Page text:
It is important to note, however, that ad campaigns can only try to project to the world what they think real beauty is — what they believe their target society thinks real beauty is. In reality, real beauty is whatever you think it should be; what real beauty means to you. If you haven’t defined what real beauty is for yourself yet, that’s totally okay, and you stand with millions of other men and women worldwide who haven’t identified it for themselves yet. Ad campaigns and body positive voices through the media try to help people out with defining what real beauty is, trying to make people more aware and open about their thoughts about it. Some ads may have good intentions but project completely different messages with the imagery they choose to be the backbone of their campaigns. The whole thing is just a lot of trial and error. In the end, “real beauty” is you. Real beauty is when you reach the point where you stop comparing yourself to others and to that one specific body type we still see plastered everywhere. Real beauty is when you adopt the body positive mindset. Real beauty is you taking care of yourself and loving yourself for it. Real beauty is whatever you deem it to be. It is whatever you make it. However you define it, and how you own it.

Being body positive takes time, and a lot of people face struggles while adapting that mindset. Lots of companies make adjusting to the body positive mindset difficult while they project no other than one specific body type. At the same though, there are lots of companies, models, actors, and actresses, and individuals striving to get the word out there that body positivity is something every person should embrace, own, and love. Aerie is one of those companies setting the example for others to follow in. Models such as Ashley Graham and Jessica Leahy are making their voices heard and shifting the modelling focus away from only very slim women, showing the world that we come in all shapes and sizes — and teaching us to love absolutely everything about that.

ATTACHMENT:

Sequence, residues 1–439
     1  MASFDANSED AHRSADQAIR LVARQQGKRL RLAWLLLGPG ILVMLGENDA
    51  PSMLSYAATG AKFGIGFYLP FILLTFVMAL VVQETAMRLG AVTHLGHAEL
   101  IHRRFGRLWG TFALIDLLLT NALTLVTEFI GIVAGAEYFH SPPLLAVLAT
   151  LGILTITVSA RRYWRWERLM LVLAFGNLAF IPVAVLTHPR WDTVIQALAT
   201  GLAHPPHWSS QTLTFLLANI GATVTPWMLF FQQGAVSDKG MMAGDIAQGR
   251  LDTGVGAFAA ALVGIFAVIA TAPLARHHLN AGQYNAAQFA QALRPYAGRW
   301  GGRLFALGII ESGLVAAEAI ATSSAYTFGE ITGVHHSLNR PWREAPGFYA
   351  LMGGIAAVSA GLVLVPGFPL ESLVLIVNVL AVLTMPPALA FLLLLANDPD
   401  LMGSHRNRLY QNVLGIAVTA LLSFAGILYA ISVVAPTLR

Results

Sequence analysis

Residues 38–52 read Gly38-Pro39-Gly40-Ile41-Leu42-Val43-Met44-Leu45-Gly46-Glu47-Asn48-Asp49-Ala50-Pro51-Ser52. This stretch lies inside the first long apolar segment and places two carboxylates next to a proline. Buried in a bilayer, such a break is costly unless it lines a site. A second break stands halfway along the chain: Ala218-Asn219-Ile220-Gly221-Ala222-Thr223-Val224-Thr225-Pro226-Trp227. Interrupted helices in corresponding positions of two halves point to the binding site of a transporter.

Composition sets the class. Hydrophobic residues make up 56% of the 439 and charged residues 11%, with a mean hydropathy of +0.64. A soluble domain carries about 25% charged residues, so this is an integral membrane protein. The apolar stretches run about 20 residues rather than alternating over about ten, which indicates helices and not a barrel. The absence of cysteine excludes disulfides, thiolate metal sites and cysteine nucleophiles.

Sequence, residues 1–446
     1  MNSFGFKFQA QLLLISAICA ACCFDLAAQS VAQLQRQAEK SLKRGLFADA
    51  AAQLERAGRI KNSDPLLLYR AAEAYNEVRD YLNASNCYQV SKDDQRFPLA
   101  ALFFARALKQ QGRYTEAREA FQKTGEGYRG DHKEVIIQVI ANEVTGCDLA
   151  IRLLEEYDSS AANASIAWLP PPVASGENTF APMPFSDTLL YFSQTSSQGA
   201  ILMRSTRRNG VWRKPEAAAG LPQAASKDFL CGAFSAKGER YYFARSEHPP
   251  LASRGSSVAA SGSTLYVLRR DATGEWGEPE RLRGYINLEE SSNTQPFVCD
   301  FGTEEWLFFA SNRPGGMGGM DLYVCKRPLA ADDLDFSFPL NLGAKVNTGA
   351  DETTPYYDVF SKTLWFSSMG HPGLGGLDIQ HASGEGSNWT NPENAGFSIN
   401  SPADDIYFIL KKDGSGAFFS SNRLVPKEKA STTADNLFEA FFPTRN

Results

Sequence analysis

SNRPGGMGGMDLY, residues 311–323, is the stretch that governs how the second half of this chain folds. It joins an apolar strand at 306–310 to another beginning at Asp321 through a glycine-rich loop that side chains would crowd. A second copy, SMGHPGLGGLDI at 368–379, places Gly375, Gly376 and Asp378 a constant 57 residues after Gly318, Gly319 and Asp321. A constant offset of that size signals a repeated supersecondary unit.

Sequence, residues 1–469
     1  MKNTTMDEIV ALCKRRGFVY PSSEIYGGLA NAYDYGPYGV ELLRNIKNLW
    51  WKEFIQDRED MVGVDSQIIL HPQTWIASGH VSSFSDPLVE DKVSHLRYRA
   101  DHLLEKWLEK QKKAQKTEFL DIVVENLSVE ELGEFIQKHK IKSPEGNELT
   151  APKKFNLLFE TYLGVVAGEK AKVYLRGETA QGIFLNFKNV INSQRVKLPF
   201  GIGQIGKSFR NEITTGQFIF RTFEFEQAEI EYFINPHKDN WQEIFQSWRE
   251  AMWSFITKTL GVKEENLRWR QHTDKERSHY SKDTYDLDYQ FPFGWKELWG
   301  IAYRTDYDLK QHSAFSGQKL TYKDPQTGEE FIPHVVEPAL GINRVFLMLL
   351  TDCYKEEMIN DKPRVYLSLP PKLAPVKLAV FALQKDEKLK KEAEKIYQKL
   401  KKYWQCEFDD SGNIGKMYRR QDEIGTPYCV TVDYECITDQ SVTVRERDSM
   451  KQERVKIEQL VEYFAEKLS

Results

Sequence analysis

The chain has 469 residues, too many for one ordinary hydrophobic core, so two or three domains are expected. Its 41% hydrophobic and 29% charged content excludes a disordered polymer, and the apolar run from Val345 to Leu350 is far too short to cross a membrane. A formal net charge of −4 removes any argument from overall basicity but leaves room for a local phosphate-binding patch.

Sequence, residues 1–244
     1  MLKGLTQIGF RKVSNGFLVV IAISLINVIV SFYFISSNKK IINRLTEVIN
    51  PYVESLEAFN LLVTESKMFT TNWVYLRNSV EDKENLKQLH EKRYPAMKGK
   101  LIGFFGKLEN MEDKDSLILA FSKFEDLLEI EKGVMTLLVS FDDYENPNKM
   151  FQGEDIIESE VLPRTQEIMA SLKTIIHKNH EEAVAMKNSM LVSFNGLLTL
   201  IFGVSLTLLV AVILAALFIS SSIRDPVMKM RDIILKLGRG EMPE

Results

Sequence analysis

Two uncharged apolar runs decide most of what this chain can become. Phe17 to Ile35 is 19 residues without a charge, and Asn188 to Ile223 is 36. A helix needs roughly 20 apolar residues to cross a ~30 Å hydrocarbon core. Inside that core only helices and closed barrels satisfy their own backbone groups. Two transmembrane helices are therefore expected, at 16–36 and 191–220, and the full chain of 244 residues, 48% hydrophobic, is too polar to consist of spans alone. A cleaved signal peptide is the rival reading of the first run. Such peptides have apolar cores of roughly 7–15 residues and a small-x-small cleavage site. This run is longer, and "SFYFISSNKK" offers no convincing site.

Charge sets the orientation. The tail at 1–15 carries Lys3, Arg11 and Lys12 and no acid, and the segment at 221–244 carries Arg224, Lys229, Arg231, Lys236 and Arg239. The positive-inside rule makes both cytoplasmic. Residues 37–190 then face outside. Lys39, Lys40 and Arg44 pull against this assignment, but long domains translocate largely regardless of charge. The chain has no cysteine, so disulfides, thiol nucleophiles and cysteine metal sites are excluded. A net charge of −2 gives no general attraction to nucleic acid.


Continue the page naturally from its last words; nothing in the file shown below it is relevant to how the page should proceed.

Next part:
The body positive movement is growing rapidly and making its voice heard worldwide. It is helping people adopt healthier mindsets about their own and other’s bodies, while at the same time educating them about what it means to be truly body positive, and how to love the skin that you live in.

Appeeling is joining the body positive movement, and we want the world to hear our voice along with the millions of others who are striving to make a change in this world and help people adopt healthier mindsets about themselves and others. Here at appeeling, we want to show the world what body diversity, positivity, love, and acceptance can look like in a company. We want you to know that no matter what body type you rock, no matter what society may tell you-you have to look like, we love you — and you look absolutely beautiful, darling.

Please let us know about any body positive voices you think we should know about and follow!